In Shakespeare's Macbeth, Macbeth exhibits remorse and guilt for the murder of King Duncan, but remorselessly denies any guilt for the murder of Banquo. The unnamed narrator in Edgar Allan Poe's The Tell-Tale Heart exhibits no guilt whatsoever, but exhibits irrational, debilitating fear associated with the possible discovery of his murder of the old man.
Macbeth murders King Duncan, and, in act 2, scene 2, he returns to Lady Macbeth, clearly unnerved by what he's done.
MACBETH. I have done the deed. ....
This is a sorry sight. (2.2.18, 28)
Lady Macbeth tries to calm him, but Macbeth can't get the murder out of his head. To take his mind off what he's done, Lady Macbeth tells him to "Go, get some water / And wash this filthy witness from your hand" (2.2.59-60). Then she notices that Macbeth left the murder of Duncan unfinished.
LADY MACBETH. Why did you bring these daggers from the place?
They must lie there. Go carry them, and smear
The sleepy grooms with blood.
MACBETH. I'll go no more:
I am afraid to think what I have done;
Look on't again I dare not. (2.2.61-66)
Macbeth is clearly feeling guilty and remorseful for having murdered Duncan, but it's equally clear that Lady Macbeth feels no remorse or guilt whatsoever for her part in the murder. Instead, she hopes to transfer the guilt for Duncan's murder to Duncan's guards.
LADY MACBETH. Give me the daggers.
...If he do bleed,
I'll gild the faces of the grooms withal,
For it must seem their guilt. (2.2. 67-72).
At no time leading up to his murder of the old man does the narrator of The Tell-Tale Heart express any second thoughts about what he's planning to do. He does remark, "I loved the old man," but immediately preceding that remark he flatly states "Passion there was none" regarding the intended murder. He feels no emotions at all about the murder except for his obsession with killing the old man to relieve himself of the old man's "evil eye."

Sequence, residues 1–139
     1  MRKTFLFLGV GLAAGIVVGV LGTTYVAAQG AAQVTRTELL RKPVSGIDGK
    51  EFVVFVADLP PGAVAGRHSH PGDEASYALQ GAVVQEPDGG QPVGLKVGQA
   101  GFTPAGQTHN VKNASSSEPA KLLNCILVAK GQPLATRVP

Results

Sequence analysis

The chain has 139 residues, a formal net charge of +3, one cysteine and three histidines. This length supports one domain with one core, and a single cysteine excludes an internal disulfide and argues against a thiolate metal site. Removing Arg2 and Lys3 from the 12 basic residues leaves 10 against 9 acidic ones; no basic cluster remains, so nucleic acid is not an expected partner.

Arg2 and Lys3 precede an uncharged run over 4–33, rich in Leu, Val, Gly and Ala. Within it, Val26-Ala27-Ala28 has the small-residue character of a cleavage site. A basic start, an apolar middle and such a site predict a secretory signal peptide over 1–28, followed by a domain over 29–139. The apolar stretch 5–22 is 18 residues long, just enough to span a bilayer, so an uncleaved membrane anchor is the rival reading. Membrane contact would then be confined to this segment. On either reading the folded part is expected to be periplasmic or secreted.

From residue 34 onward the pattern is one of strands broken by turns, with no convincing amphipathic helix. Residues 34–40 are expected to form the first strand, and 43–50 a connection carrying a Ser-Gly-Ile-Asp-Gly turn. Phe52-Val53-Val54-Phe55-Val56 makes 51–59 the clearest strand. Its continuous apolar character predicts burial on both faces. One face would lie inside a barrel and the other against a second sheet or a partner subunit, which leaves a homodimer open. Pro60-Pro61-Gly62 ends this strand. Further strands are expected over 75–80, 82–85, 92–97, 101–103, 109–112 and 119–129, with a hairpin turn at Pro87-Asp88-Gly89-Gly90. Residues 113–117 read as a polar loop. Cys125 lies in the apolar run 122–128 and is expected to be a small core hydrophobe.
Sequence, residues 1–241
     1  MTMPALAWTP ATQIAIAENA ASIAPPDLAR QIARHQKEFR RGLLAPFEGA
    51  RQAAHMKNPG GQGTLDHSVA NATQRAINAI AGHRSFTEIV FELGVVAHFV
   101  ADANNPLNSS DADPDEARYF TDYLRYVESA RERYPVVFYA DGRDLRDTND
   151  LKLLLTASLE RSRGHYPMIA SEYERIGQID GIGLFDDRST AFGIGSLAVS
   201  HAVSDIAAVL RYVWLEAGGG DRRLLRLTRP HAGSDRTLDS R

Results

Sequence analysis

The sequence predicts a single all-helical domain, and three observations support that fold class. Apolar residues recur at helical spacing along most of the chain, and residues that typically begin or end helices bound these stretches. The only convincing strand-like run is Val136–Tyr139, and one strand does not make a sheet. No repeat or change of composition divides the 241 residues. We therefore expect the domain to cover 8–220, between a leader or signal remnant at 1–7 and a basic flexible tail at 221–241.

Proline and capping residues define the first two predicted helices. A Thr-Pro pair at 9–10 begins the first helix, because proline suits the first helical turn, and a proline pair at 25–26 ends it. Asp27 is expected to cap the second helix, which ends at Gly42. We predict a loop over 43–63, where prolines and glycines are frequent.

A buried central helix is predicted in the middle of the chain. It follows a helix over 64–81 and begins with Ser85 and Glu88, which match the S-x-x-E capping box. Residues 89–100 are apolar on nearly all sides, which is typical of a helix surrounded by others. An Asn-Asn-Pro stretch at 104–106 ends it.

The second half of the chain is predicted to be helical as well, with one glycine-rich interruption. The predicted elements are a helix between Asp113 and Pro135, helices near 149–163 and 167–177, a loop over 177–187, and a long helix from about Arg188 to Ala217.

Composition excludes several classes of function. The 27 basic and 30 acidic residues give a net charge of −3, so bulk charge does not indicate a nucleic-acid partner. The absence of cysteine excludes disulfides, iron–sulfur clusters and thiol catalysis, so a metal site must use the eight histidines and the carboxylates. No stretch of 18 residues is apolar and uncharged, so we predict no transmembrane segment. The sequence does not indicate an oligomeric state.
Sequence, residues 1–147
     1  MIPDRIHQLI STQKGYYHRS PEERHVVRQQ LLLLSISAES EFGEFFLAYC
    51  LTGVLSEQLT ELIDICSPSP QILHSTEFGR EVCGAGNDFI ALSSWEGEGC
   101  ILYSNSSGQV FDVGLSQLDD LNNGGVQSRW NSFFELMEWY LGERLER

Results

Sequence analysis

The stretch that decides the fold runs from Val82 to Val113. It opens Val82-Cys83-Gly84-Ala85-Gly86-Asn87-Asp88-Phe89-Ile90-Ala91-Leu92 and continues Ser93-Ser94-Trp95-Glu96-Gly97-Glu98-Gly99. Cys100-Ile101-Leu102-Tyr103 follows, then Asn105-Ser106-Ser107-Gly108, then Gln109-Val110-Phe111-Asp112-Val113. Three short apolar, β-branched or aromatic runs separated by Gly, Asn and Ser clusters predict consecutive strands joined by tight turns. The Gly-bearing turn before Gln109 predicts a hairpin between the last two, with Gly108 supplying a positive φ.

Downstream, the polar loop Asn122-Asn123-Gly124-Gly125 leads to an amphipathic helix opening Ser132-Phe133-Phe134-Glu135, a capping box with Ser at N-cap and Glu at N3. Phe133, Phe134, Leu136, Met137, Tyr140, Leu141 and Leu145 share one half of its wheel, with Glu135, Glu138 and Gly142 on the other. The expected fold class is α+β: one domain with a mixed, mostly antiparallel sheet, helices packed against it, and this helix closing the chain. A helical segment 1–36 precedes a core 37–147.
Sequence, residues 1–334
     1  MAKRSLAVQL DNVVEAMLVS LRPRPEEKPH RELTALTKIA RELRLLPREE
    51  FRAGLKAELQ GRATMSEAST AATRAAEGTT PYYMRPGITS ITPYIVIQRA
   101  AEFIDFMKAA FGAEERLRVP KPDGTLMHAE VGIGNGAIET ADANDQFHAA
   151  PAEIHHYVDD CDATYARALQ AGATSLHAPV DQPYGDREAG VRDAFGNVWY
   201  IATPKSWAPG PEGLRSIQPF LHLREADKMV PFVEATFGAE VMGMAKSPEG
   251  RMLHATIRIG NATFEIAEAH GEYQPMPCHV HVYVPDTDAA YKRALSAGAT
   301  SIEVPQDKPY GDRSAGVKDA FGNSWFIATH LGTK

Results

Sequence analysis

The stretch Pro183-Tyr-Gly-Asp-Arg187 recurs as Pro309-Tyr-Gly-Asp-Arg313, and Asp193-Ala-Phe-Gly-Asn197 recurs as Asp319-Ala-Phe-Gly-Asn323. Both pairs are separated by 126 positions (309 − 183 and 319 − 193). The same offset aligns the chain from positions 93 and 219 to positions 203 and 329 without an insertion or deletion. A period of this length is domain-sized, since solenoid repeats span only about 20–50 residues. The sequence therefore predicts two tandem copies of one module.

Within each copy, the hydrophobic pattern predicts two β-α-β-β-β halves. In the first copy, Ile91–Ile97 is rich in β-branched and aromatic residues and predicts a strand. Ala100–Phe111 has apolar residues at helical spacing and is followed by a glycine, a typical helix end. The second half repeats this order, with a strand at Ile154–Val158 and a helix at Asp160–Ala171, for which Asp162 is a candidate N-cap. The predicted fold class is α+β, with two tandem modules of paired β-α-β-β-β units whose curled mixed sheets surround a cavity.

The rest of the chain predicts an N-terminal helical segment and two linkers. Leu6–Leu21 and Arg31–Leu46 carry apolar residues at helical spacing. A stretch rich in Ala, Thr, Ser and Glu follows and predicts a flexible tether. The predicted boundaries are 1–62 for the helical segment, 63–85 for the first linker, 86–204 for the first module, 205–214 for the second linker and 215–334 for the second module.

"I made up my mind to take the life of the old man, and thus rid myself of the eye forever."
The narrator explains his behavior and his thought process in preparing for the murder. He notes, "I was never kinder to the old man than during the whole week before I killed him," but the narrator treats the old man with kindness not because he feels regret or remorse for what he's about to do, but because he doesn't want the old man to suspect what he's planning.
At the end of their scene after Macbeth's murder of Duncan, Macbeth and Lady Macbeth hear knocking at the castle door. Macbeth is frightened at the sound, and stands motionless, not knowing what to do. Lady Macbeth urges him to go with her to their chambers so they can wash the blood from their hands and prepare for their visitors.
LADY MACBETH. Get on your nightgown, lest occasion call us
And show us to be watchers. Be not lost
So poorly in your thoughts.
MACBETH. To know my deed, ’twere best not know myself.
Wake Duncan with thy knocking! I would thou couldst! (2.2.89-93)
Macbeth is feeling guilt and remorse for Duncan's death, and wishes he would never have murdered him. From that point in the play, however, Macbeth puts aside any regrets he has about killing Duncan, and joins with Lady Macbeth in their efforts to conceal their part in Duncan's murder.